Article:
Dateline West Memphis, Arkansas –
And he’s on the road again… roughly three years after the last time I did the cross country drive. I seem to do them when I am in turmoil. Disconnecting from my usual life and patterns and driving for hours seems to help me recenter in some way. At least this time, I’m not in acute grief over the death of a partner, but I do figure I’m grieving in some rather odd ways – mainly connected to the ongoing saga of Covid that’s defined all of our lives over the last fifteen months. It’s led to lots of little deaths. Deaths of plans, deaths of certainties, deaths of possibilities. And then for me, there’s been the very real deaths that I’ve had to help people through – children grieving parents, parents grieving children, spouses grieving and adjusting to widowhood – as there are now 576,000 empty chairs at the American table and some of those are for my patients and their connections.
The vaccine has been a game changer, of course. My patients, many cooped up for over a year, are able to venture out some without being panicked and families are able to gather together for the first time in a while. Even with that, the legacy of mental health conditions that have been left behind is enormous and I’m only just beginning to unpack that particular box. A large part of my day is spent working through grief and depression and anxiety left in Covid’s wake as that’s now the major thing affecting my patients’ health, far more than their blood pressure or their diabetes. I feel a bit inadequate to the task but I usually muddle through somehow.
I finished up my usual work day around one thirty this afternoon, ran by the accountant to drop off my tax paperwork so I can get my refund, and then headed home to pack. I like to travel and can usually pack pretty quickly and get supplies for anything from snowstorm to desert heat into a single suitcase (one of the things one learns growing up in Seattle when the weather can do anything over the course of a weekend). Suitcases packed, trusty laptop in its bag, I kissed the kitties good by, threw things in the car and headed out. I’m making this trip up as I go along. I have nearly a week to get to Seattle and a continent full of possible routes. We’ll see where I end up.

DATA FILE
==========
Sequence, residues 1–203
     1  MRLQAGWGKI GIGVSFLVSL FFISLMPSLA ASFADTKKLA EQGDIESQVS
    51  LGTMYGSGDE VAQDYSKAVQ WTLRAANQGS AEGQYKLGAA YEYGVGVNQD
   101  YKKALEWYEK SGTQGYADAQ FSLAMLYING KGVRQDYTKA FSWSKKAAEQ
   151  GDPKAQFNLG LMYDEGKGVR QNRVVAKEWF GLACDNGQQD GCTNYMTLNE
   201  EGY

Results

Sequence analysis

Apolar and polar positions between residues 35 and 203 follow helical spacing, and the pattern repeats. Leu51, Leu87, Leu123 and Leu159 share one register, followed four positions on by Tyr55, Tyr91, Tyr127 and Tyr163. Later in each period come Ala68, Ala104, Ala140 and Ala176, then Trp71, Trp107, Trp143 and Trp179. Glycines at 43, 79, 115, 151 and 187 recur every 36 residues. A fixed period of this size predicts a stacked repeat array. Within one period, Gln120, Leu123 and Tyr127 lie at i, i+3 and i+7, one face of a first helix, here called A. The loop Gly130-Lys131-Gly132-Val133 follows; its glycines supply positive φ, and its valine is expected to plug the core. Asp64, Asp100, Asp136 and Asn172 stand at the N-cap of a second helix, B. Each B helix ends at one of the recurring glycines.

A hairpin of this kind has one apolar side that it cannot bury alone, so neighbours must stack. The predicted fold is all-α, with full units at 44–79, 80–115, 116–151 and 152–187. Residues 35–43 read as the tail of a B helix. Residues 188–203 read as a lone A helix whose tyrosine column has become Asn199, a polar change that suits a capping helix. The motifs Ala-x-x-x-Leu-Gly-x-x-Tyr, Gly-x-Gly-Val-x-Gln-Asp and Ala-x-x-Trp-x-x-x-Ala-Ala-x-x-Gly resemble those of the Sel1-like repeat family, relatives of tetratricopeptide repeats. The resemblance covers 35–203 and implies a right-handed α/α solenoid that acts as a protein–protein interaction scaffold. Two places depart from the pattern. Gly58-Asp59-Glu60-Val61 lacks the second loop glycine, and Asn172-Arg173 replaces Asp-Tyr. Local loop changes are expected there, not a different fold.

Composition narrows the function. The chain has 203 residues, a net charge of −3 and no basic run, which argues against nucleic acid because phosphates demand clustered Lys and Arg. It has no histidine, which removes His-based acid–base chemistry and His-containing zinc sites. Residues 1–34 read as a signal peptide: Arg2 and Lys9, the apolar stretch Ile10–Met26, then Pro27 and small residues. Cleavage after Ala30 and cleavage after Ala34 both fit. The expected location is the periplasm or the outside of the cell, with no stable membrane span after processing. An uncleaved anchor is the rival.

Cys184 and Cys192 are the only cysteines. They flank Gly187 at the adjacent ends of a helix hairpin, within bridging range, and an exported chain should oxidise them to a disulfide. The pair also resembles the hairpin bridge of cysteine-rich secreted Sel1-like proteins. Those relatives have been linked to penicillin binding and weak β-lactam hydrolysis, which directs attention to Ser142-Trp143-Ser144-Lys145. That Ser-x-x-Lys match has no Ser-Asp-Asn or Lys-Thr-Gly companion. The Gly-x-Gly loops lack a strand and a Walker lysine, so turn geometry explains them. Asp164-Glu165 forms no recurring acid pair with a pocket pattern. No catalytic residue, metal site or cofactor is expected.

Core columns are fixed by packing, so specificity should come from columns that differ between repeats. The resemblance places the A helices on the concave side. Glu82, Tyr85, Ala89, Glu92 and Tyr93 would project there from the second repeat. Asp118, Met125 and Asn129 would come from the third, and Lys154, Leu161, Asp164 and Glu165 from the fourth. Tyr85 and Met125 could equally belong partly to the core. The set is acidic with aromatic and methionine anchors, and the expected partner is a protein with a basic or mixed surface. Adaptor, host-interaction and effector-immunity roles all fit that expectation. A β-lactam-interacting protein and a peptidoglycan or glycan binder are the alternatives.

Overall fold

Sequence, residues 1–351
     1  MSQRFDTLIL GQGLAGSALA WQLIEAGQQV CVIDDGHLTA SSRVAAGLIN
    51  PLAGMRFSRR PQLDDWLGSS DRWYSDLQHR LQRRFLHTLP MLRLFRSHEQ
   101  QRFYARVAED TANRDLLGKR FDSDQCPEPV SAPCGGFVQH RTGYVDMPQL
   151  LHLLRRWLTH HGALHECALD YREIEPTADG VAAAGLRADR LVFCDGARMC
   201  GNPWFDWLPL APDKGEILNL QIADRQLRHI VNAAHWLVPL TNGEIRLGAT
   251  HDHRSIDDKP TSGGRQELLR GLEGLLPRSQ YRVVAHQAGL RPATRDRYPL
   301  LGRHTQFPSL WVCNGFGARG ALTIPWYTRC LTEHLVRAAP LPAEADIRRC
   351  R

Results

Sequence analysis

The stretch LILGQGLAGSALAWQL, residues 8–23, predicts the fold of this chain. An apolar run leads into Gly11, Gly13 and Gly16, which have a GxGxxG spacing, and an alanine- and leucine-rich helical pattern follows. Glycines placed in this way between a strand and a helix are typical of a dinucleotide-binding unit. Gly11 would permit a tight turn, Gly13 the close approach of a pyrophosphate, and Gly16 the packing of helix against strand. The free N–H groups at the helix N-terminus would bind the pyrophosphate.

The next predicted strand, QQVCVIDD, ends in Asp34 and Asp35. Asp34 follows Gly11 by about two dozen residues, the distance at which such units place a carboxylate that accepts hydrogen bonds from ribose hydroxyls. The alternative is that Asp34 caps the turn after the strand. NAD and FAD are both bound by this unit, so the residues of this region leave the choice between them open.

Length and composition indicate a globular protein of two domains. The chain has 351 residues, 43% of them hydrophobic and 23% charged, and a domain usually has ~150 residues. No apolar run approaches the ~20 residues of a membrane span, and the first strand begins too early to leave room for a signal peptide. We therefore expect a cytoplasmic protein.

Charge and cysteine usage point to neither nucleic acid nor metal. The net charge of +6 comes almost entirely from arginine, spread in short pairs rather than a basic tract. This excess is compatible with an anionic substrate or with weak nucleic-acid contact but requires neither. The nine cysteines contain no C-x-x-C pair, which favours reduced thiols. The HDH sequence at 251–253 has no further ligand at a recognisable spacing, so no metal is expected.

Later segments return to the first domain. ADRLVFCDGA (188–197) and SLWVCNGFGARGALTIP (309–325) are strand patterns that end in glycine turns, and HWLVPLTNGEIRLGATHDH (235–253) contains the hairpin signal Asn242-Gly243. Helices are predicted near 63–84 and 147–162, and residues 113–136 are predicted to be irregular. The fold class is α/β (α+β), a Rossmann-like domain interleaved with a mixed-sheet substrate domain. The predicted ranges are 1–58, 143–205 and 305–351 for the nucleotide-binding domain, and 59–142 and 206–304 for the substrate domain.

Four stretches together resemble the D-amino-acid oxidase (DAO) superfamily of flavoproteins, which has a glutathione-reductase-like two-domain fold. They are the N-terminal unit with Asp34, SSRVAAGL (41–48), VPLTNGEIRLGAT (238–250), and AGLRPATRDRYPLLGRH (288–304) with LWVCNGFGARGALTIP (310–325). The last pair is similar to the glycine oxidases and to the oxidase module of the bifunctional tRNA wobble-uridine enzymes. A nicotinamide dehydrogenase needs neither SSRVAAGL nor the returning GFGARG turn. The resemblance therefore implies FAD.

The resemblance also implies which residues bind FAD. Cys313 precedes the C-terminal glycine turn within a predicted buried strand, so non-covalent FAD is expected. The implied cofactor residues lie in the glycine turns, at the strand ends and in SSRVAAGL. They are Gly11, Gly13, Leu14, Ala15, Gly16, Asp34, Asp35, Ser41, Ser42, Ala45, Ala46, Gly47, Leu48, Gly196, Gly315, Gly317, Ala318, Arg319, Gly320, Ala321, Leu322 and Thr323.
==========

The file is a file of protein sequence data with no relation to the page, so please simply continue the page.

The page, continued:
I decided Northwest was as good a direction as any so took I-22 out of town past all the Walker County towns I know and love from VA house calls, and then on beyond into Mississippi. After Tupelo, which seem s to have little reason for existing other than housing Elvis Presley’s birth place (will he be remembered in another few decades, after the boomers are gone?), I was driving into a glorious sunset straight out of Gone With the Wind for an hour or so as Mississippi gave way to Tennessee. I figured Memphis was far enough and stopped in the West suburbs, on the Arkansas side of the Mississippi for the night. With the crossing of the river, I guess I am officially in the West again. Can’t say much about Memphis. The famous civic pyramid seems to have become a Bass Pro Shop and it was too dark by the time I got to the bridge to see anything of Mud Island.
Tomorrow, I’ll either head west towards Little Rock and Fort Smith or north towards St Louis. We’ll see what I feel like after breakfast. Twenty three years ago, on our drive across country from Sacramento to Birmingham to start our new life, Steve and I stopped for the night in Fort Smith. It was Halloween weekend and, while in the motel room we turned on the TV and a local commercial blared for an Evangelical church’s Harvest Festival party, an alternative to demonic Halloween. Biblically correct costumes were encouraged. Steve looked at me, rolled his eyes, and announced that he wanted to stay an extra day so he could show up as Jezebel. (He would have too, if I had let him, but we had a van full of furniture to meet in Birmingham and could not afford the extra time).
My stops for gas and Dr. Pepper show that masks appear to be unknown here in the heartland. I’m trusting in my vaccinated status and I’m still wearing one when going indoors. And keeping my hands washed and sanitized. And keeping a wide berth. It’s not over until its over.